Both of my brothers, my nephew, and several friends who joined the military were middle to upper middle class kids without enough money to pay for college. They joined primarily for the benefits of the GI Bill (one brother now has a PhD and the other is a lawyer, so their service paid off for them).

So yeah, the military is more than just a magnet for the poor.

jca's avatar

@Jaxk: You are correct, I have no data of my own and right now, limited time to google.

I am not saying I want the data to be from some place liberal. I would prefer it to be from someplace objective (for example, stats from the military, if they have such data, showing household income from recruits).

JLeslie's avatar

Is that report @Jaxk linked stating what income goes to what position at timeof recruitment? I tried to skim it, the whole article is not loading right for me and keeps closing. It’s probably my iPad I have a lot of trouble with it. My dad had joined the military with a college degree. He actually left for about 8 years and when he went back to the military he had his PhD by then. But, he never risked any chance of going to any far away place during war time or even trying to do any peacekeeping, or anything of the sort. Are they counting people like my dad? Or, the officers who work for NOAA? I have a feeling they are. When we worry about the poor joining the military in greater numbers than the middle clas and rich, we want to know who is risking their lives. What rank they join at. My dad was an officer from day one. Maybe that article does divide it up that way.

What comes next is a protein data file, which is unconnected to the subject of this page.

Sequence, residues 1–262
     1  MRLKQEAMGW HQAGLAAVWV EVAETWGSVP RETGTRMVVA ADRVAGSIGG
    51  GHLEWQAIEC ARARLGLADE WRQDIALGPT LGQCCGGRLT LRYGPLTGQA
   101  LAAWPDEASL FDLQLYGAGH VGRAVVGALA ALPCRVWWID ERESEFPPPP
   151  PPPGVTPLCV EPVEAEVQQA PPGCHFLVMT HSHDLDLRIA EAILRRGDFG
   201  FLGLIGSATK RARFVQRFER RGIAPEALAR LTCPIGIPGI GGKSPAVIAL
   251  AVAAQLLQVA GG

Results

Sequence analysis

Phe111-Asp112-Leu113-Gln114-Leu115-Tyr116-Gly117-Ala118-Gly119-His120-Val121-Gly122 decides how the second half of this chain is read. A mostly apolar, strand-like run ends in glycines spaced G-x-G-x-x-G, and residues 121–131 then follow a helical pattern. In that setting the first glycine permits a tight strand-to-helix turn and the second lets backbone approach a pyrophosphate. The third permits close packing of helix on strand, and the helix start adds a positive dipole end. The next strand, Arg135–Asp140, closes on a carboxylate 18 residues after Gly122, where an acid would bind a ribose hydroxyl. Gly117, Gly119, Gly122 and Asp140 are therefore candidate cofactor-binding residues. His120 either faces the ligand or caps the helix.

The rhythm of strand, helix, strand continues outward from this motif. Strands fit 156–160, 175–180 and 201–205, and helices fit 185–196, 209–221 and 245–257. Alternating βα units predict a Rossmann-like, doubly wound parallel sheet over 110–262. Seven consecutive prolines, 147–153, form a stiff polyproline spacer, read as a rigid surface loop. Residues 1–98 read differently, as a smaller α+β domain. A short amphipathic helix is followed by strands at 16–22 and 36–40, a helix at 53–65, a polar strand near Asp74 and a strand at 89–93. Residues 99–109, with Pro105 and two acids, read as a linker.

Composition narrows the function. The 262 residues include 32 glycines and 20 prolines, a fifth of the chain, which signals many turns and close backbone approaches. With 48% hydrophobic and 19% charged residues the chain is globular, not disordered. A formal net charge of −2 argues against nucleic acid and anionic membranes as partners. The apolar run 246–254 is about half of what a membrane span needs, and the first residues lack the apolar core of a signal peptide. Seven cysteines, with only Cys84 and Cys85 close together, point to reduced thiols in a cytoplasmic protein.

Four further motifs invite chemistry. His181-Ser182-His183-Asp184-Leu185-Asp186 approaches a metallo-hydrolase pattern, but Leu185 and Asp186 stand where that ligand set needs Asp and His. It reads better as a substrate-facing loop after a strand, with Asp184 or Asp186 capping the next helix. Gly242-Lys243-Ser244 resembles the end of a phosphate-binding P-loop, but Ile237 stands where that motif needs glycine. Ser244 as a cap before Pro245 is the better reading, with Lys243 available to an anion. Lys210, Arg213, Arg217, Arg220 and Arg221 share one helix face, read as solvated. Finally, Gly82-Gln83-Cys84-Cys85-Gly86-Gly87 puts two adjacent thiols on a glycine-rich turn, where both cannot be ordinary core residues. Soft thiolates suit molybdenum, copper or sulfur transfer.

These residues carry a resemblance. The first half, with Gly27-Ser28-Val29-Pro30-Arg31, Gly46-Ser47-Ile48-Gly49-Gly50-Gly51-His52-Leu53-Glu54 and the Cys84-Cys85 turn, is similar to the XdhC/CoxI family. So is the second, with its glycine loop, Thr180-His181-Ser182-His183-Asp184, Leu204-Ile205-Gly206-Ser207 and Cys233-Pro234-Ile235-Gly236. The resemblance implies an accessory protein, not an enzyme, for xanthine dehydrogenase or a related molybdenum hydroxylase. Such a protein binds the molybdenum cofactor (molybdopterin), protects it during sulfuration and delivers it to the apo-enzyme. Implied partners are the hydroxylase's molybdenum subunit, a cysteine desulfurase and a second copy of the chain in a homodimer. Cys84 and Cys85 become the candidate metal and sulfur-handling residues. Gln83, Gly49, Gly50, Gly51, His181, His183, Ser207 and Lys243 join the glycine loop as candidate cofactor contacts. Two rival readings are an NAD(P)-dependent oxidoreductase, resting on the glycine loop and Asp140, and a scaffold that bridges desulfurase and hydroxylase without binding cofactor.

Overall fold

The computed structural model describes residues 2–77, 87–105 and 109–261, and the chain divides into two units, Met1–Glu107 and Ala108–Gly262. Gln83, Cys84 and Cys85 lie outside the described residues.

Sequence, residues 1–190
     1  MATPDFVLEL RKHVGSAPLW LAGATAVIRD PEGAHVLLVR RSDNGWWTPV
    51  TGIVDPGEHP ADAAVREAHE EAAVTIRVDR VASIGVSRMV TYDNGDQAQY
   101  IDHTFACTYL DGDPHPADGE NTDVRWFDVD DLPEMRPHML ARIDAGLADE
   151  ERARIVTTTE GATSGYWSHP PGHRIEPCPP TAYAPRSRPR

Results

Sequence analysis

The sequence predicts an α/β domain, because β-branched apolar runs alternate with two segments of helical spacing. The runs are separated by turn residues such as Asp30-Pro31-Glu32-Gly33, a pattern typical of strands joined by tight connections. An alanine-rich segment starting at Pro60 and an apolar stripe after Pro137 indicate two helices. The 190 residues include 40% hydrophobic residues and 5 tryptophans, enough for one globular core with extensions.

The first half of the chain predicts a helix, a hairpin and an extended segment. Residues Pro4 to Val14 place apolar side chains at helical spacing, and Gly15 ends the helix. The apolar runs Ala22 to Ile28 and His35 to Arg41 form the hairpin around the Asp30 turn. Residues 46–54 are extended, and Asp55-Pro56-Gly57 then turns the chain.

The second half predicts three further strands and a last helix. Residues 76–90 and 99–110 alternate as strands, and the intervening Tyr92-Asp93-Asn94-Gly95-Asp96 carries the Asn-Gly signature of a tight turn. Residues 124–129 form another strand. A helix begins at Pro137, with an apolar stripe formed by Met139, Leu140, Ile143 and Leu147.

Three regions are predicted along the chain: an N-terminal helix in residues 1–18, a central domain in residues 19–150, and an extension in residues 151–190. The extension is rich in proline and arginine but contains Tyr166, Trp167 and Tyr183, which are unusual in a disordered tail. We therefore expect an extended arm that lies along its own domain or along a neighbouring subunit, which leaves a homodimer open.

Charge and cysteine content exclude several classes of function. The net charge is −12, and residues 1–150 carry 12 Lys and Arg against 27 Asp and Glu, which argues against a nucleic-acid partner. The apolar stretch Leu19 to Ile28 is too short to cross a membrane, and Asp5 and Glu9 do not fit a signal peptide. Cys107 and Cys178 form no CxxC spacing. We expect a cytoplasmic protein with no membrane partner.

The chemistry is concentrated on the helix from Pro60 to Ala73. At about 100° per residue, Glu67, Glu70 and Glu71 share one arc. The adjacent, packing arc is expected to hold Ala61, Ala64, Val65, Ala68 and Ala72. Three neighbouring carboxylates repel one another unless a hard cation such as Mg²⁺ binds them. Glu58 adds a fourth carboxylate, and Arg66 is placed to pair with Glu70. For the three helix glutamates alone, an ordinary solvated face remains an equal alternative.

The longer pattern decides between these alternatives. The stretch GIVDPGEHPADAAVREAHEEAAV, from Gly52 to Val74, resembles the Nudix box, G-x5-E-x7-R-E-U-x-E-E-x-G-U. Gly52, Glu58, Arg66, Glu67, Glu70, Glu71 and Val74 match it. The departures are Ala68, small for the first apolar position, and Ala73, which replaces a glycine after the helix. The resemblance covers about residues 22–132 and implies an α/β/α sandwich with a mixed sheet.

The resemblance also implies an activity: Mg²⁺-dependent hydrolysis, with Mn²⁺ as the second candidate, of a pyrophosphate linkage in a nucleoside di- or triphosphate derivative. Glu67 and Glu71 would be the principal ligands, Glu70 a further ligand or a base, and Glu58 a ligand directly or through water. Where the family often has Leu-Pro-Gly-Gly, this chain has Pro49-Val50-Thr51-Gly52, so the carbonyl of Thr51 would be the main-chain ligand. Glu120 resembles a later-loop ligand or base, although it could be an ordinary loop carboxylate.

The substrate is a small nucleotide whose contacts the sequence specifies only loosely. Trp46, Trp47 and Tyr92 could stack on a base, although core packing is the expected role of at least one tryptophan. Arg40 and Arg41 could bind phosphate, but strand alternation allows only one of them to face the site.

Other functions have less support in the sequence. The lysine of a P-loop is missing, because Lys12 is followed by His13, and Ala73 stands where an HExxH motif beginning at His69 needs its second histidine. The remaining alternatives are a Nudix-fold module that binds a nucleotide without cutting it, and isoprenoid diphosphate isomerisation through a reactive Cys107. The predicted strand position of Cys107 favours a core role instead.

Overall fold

If most if the military never sees combat and never has their life in danger then they are just doing a job. I ave no problem with them getting benefits like medical and pensions, I am just saying they are doing a job like most Americans do their job every day. I don’t see how someone who served as a lawyer can compare themselves to the kid who had his leg blown off. The lawyer can certainly be proud to be an American, to serve their country, to be in the Navy or whatever branch of service, but should they get the credit for having given military service like the guy who participated in a war?

Jaxk's avatar

@JLeslie

You may be trying to over analyze the report. You can’t really use the income of an 18 year old as their economic status, most haven’t started working yet whether from Belair or Watts. What they did was to take the neighborhood’s economic level. for example if you live in Watts you are from a poor neighborhood, if from Bel Air, not so much.

I think the example of your Dad is not typical. And it’s been a long time since I joined but back then (1965), you told them what you wanted to do and after you were in they told you what you would do (not necessarily the same thing, or even close).

jerv's avatar

@Jaxk A rare moment of agreement between us. Also, I wanted ET, but I got EM. “Needs of the Navy!”.